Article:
I felt sick—as in, physically sick.
I screwed my eyes shut. The white glare from the teleporter still blinded me. I sucked in a deep breath. My stomach tap-danced, my knees wobbled, and my brain turned into mush. If anyone ever tells you teleporting is fun, you go right ahead and knee them in the groin for me.
I heard loud footsteps and, not wanting to be blindsided, I forced my eyes open. I was standing on a teleportation pad similar to the one at the testing center, but my new surroundings couldn’t be any more different.
Instead of the sterile, pale beige walls of the room I had been in, the new walls were metal. Bright wires snaked across the floor, connecting a myriad of terminals and devices. By the corner were a couple of high-end medchairs.
This must be some sort of lab.
Cautiously, I took one step forward. My stomach lurched as I adjusted to my new surroundings. The thud of footsteps grew louder. Not a second later, I heard the soft whoosh of the door as it slid up into a hidden partition. In the doorway stood one of the most impressive specimens of masculinity I’d ever seen. He stared right at me.
At his height, he dwarfed me in size, his head crowned by an impressive set of horns. They curved slightly into ends as sharp as a dagger’s tip, and they were the color of polished ivory. The man—or, rather, the alien—was as impressive as his horns.
A uniform hugged his muscular chest and powerful shoulders in an enticing way. I’d wondered if it was true what they said of the Mahdfel. According to what I’d heard back on Earth, the most elite specimens among the Mahdfel became Vaznik warriors, their prowess the stuff of legend. Thanks to them, Earth hadn’t become a slave camp for the Suhlik.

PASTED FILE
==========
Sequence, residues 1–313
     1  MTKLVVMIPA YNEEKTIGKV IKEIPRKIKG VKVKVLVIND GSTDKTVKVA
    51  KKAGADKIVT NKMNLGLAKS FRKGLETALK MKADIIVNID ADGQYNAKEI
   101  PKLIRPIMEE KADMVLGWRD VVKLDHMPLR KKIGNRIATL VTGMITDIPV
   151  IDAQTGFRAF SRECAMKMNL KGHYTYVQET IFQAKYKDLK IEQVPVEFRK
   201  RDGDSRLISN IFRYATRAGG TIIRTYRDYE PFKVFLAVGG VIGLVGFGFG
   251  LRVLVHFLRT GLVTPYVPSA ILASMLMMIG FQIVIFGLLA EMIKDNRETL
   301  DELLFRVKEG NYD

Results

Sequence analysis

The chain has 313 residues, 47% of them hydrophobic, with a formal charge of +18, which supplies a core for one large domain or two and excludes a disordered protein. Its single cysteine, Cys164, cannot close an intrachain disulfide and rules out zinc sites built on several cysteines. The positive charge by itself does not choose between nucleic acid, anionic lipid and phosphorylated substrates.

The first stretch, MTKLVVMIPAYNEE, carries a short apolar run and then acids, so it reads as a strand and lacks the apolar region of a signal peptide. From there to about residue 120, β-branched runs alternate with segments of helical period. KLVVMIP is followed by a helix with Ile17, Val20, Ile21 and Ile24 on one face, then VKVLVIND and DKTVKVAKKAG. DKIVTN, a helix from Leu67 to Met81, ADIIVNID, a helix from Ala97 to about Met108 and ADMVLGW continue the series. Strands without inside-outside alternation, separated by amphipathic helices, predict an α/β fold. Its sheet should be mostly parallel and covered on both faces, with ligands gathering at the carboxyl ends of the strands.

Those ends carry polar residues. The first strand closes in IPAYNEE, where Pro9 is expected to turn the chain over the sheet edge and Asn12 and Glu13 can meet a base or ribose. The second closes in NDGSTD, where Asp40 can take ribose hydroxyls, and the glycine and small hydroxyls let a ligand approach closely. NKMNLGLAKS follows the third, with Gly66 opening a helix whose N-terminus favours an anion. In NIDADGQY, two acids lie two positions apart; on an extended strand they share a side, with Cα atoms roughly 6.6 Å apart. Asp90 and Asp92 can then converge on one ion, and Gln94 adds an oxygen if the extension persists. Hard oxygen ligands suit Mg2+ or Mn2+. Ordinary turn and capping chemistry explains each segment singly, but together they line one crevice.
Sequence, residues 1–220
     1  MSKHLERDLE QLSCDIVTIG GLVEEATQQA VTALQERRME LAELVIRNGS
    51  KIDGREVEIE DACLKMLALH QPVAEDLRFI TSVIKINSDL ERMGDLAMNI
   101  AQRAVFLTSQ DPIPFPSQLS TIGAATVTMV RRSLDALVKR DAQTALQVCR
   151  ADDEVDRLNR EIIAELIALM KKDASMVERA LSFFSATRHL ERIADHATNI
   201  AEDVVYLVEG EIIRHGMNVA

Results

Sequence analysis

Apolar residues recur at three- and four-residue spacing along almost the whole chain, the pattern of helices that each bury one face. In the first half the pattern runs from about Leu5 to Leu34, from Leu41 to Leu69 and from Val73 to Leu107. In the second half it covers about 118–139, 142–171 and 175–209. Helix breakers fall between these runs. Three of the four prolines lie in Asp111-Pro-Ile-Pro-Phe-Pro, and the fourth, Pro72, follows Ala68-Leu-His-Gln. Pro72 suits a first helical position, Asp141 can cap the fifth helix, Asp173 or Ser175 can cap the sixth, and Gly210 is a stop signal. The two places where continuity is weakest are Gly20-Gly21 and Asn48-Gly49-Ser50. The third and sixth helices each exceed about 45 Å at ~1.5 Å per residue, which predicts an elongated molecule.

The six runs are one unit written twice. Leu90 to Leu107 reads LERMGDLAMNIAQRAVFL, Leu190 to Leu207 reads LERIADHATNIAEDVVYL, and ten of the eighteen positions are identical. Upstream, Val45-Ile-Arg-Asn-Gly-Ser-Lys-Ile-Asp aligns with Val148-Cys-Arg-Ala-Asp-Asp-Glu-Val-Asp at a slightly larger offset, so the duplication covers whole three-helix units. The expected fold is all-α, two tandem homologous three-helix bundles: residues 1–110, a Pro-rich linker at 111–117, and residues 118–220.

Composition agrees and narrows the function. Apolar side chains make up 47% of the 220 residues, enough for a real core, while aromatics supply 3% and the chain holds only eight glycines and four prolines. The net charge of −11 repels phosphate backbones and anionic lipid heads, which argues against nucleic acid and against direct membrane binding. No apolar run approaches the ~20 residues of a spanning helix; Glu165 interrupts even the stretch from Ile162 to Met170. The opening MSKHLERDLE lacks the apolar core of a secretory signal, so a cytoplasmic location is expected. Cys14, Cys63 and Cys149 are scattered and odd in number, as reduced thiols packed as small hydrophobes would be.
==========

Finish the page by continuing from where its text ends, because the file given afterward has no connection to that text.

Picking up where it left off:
I’d always thought people exaggerated whenever they told stories about these aliens. Now that I was face-to-face with one of them…well, judging by how damn perfect he looked, there was definitely some truth to those rumors. This man was like a chiseled block of marble. He was a space-hammer with a brain.
“Hello there.” His voice flowed over me, soft and kind. Moving fast, he crossed the length of the room and took my hand in his, like an aristocrat of old. He performed a little bow, a grin on his lips, then straightened.
His shadow fell over me. I gulped, suddenly realizing that he could crush my skull between his thumb and pinkie.
“Are you my…?” I wanted to say the word ‘mate’, but I just couldn’t. Had I really gone from a promising engineering student to a breeding companion? The thought sickened me.
“My name is Storgin,” he said, putting a hand to his chest. “And I’m not your mate.”
First, I felt relief. Then, I remembered that didn’t mean anything. Even if this guy wasn’t my mate, I’d been sent here because someone in this place had genetically matched up with me.
“Where am I?” I asked. “What planet am I on?”
“This isn’t a planet. You’re aboard a Vaznik military vessel. We call it ‘Goldie’, but her official name is The Golden Meridian.” He shifted his weight from one foot to the other, clearly anxious about something. He cleared his throat.